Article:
The battle for quality healthcare properties is about to be turned up a notch with the birth of a new real estate investment trust.
But this new REIT, called ElderTrust, boasts an edge over the competition. As an "umbrella partnership REIT," ElderTrust offers sellers of long-term-care real estate certain income and estate tax advantages that traditional healthcare REITs cannot. That makes ElderTrust a cheaper alternative to traditional REIT financing, says D. Lee McCreary Jr., its vice president and chief financial officer.
"What it is that we really bring to the healthcare market is the UPREIT structure," McCreary says.
In an UPREIT, the sponsoring organization contributes properties to a newly formed operating partnership. In exchange, the sponsor gets units of limited partnership interest. After some specified period, the partners' units are exchangeable for cash or REIT shares. Future sellers of real estate also may earn units for properties contributed to the partnership.
The UPREIT structure softens the blow a nursing home owner, for example, might endure when selling a property whose value has appreciated, by deferring taxes due. There's another benefit, too. If the owner passes away, instead of saddling his estate with a single, taxable asset, partnership units earned through the UPREIT may be liquidated to cover any estate-tax liabilities.
On the downside, UPREITs have been criticized for their complexity and potential conflicts of interest between sponsors and public shareholders.
One other healthcare REIT, Beverly Hills, Calif.-based G&L Realty Corp., shares the UPREIT structure. G&L mainly invests in medical office buildings, skilled-nursing facilities and assisted-living facilities.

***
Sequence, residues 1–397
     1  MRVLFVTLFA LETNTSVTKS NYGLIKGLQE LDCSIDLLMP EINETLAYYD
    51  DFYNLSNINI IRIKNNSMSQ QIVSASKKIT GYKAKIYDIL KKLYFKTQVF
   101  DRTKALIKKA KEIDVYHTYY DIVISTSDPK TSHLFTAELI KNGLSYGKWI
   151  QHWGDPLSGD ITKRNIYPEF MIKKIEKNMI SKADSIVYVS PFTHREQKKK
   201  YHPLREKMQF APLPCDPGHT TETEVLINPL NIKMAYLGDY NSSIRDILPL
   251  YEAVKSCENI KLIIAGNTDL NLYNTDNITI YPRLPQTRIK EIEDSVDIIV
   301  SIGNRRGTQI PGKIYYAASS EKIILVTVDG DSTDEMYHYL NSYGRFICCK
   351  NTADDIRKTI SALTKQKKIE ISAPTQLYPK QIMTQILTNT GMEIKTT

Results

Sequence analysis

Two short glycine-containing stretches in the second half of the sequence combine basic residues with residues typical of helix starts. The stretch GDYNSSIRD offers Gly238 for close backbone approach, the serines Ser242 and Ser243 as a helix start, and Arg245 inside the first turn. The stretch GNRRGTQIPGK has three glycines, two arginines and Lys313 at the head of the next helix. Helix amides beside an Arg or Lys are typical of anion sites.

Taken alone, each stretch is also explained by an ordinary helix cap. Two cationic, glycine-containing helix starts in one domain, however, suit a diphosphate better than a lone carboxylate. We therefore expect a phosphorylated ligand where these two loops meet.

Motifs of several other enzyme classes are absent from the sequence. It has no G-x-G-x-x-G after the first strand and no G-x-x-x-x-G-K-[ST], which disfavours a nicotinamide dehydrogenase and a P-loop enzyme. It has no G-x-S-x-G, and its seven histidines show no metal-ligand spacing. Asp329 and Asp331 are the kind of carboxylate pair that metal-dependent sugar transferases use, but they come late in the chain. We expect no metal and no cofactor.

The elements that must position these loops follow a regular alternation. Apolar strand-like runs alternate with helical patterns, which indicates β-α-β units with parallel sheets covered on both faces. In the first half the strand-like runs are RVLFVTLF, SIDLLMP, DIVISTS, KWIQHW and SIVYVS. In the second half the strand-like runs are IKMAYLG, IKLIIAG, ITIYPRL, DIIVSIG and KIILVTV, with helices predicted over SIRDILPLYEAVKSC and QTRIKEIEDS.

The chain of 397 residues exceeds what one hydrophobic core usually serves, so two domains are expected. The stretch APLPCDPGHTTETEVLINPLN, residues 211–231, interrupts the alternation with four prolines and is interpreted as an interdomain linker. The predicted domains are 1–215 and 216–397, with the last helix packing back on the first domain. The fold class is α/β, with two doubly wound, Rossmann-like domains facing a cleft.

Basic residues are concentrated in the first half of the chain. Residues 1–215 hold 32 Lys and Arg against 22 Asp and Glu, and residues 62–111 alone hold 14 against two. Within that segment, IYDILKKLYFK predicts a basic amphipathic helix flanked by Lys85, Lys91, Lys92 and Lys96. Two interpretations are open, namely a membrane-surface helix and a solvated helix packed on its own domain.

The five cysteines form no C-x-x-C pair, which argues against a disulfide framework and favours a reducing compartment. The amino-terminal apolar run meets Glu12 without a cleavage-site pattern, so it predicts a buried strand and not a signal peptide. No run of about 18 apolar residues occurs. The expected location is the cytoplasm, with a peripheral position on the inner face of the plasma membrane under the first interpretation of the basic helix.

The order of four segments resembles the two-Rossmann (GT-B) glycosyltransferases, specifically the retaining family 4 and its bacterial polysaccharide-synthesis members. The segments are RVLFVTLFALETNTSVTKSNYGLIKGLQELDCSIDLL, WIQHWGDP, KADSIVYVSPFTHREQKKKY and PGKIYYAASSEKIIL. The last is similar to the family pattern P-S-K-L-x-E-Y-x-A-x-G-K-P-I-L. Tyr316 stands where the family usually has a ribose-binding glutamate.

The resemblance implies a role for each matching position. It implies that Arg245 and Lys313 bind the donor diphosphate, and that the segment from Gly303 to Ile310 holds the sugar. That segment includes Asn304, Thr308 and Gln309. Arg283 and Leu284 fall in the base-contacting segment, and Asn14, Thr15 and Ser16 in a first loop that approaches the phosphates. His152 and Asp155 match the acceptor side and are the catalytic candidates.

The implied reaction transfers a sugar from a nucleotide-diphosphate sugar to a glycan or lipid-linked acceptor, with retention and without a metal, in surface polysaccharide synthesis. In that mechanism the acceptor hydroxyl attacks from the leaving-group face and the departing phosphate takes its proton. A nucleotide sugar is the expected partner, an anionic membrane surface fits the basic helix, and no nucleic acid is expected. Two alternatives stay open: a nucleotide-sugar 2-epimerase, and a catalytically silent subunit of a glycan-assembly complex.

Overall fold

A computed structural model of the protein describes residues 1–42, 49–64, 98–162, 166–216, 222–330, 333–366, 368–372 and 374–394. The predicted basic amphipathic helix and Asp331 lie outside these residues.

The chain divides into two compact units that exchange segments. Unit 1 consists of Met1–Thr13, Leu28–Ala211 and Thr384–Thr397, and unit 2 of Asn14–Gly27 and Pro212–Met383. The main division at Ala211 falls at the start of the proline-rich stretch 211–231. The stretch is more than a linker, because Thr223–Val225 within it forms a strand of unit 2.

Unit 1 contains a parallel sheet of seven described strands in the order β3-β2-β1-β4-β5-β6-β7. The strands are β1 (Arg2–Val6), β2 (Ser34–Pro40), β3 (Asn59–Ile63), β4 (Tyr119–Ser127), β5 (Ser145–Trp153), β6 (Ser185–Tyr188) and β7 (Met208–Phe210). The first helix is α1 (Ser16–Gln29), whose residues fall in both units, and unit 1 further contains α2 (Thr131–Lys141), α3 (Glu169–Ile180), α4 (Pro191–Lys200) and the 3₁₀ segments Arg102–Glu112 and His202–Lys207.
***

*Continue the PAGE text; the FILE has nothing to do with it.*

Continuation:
ElderTrust, which filed a registration statement Oct. 8 with the Securities and Exchange Commission, expects to go public early next year. The company will plow proceeds into making loans and acquiring properties.
Initially, 48% of the REIT's assets will be properties and other assets used by Kennett Square, Pa.-based Genesis Health Ventures, its sponsor. ElderTrust maintains other connections to the mothership. Genesis Chairman and Chief Executive Officer Michael Walker will be ElderTrust's chairman. Edward Romanov Jr., the REIT's president and CEO, had been senior vice president of development at Genesis.
"From the Genesis perspective, what you would like to be able to do is have an entity that you can have a long-term, continuing commitment with that also has a commitment with you," McCreary says. "That's probably the biggest reason why Genesis' (managers) created the REIT themselves."
But ElderTrust intends to go after deals with other operators in the assisted-living, independent-living and skilled-nursing businesses as well.